By Bob Bernard
“The Lifespan of a Costume”, one of the Metropolitan Opera’s Backstage at the Met educational programs featured during week ten of the Met’s series of nightly opera streams, cited the Met’s ability to work on over 2,600 garments each season.
Emi Wada, the Japanese Academy Award-winning theatrical costume designer, once awesomely designed and supervised the tailoring of 1,400 costumes for a single film: Akira Kurosawa’s 1985 epic Ran, a film adaptation of Shakespeare’s King Lear.
In 2006, LA Opera shared Ms. Wada’s time and expertise with the Met:
While in Los Angeles, Ms. Wada shared with us her design philosophy – as well as many of her memories from working with Kurosawa ……
- LA Opera produced Monteverdi’s L’Incoronazione di Poppea [The Coronation of Poppea]
- The Met produced the world premiere of Tan Dun’s The First Emperor
When designing costumes for an opera, Ms. Wada defined her operative art as adhering to these principles:
The costumes for LAO’s Poppea cast were newly made, yet retaining the original concepts developed for the Netherlands Opera's production from thirteen years back. The redesign work done was to adapt the original concepts to LAO’s cast. In accordance with Ms. Wada’s insistence on perfection of detail, the costumes had to be made from scratch, taking into account the fact that, in particular, several members of LAO’s cast were substantially taller than their predecessors, e.g., Susan Graham as Poppea and Christopher Gillette as Arnalta. Moreover, costume design, as defined by Emi Wada, means everything a singer/actor puts on: clothes, wig, makeup..... If it covers you at all, Ms. Wada considers it to be part of your costume.
- Perfection of Detail
- Adherence to Realism
- Coordination of Color with Character
- Coordination of Costume Design with the Music.
Doing the above made it possible to replicate the sculpted costume design, retaining the coordination of costume design with the (Baroque style of) music.
In order to meet Ms. Wada’s exacting standards, the basic working fabric was created from scratch, “scratch” in this instance being a particularized blend of cotton and paper that is then infused with Ms. Wada's custom coloration. To be sure, sometimes the adherence to realism is compromised just a bit when existing, available products and/or substances have just the right attributes. In the following photo from the prologue to Poppea, we see the gods of Love and Fortune. Well, the cute, kinky-blue hair of Amore is made from off-the shelf, stretched-out Guangdong cleaning scourers for the kitchen sink, an item found in local Gardena markets (the more well-known, copper-colored scouring pads having the wrong hue for the hair of our God of Love), and the “feather” adorning Fortuna is actually a frond from a local variety of Pampas Grass.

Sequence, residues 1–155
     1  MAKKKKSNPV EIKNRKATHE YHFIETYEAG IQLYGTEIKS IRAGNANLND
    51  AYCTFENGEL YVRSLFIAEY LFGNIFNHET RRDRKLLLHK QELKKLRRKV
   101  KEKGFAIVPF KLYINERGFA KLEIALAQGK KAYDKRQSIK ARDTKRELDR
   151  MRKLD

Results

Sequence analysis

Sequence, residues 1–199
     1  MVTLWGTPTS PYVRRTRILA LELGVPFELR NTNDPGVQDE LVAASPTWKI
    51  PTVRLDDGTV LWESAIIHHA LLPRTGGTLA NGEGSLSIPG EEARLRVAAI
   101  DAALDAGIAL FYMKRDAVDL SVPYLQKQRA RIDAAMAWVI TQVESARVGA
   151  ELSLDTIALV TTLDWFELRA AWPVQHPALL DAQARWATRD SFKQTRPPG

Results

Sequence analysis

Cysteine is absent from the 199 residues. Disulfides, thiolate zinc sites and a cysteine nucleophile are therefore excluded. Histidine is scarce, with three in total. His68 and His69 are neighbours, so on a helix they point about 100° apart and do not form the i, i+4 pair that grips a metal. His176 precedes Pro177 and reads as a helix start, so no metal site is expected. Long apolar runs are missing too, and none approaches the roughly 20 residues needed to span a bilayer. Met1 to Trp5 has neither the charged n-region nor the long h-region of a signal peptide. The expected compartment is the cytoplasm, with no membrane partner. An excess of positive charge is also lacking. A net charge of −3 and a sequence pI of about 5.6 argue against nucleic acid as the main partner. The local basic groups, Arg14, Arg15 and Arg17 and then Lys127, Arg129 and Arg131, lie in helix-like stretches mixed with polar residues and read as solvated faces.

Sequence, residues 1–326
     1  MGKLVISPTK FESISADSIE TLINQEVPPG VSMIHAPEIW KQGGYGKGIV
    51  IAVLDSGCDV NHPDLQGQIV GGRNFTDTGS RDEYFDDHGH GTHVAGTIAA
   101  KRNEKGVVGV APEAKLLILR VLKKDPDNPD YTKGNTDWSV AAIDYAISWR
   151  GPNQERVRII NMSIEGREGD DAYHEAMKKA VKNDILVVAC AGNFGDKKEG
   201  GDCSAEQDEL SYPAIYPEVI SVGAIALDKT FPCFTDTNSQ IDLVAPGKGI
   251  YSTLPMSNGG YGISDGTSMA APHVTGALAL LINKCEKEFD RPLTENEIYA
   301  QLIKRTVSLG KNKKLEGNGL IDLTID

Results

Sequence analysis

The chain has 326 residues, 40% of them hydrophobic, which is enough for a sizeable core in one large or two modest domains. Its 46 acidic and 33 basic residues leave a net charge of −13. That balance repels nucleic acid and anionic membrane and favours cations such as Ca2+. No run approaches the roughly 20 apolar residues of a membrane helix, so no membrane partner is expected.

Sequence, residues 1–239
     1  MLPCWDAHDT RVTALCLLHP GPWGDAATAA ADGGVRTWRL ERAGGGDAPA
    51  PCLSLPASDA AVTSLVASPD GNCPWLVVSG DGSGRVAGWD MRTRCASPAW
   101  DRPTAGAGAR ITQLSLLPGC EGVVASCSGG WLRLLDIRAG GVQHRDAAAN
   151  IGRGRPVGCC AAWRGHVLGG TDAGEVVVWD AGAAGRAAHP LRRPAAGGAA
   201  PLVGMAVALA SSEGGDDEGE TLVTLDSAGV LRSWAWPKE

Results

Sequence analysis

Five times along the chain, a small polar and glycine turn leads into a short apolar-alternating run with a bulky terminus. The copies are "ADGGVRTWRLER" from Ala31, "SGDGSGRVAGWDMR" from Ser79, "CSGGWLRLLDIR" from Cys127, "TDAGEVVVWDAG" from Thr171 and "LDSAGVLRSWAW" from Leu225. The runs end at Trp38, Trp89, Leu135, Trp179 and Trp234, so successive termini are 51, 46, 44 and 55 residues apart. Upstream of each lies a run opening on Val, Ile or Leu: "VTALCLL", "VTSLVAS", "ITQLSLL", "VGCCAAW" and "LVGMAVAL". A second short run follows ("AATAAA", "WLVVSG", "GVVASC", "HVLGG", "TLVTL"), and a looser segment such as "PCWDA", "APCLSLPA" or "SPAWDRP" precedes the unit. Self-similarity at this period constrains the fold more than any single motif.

Following, here are two clips from the process of settling on the costumes for Poppea:
In parallel with her bringing LAO’s Poppea costumes up to snuff, Ms. Wada had to ready the costumes for her Met debut: the world premiere of Tan Dun’s The First Emperor. Without us hearing a note of Mr. Dun’s score we already knew that the music would be more lustrous than any operatic score we could have previously heard because Ms. Wada decided that the basic costume fabric was to be made from a blend of silk and paper.
Emi Wada's experience of Audrey Hepburn presenting her with an Oscar on the stage of the Dorothy Chandler Pavilion is forever implanted in her memory, it being a well-deserved citation for Best Costume Design for Ran.
In the lead photo from Ran at the top of the article, we see the three brothers garbed according to their most innate characteristics: red = betrayal; yellow = ambiguity; blue = honesty and gentility. The father is, at this point in the story, costumed in pure white, reinforcing his (then) innocence. As the story develops in the film, his clothing gradually assumes more yellows and reds.
Reflecting back a bit further then, her memories of working with legendary motion picture director Akira Kurosawa came to the fore. Ms. Wada remembered two vignettes from the film Akira Kurosawa’s Dreams, Yume. For one example, there is the memory of the segment entitled “Crows” in which the viewer is immersed in the chaotic artwork of Vincent Van Gogh, climaxing with an explosive release of crows into a wheat field that, of course, brings to mind Van Gogh’s final painting, “Wheat Field with Crows”.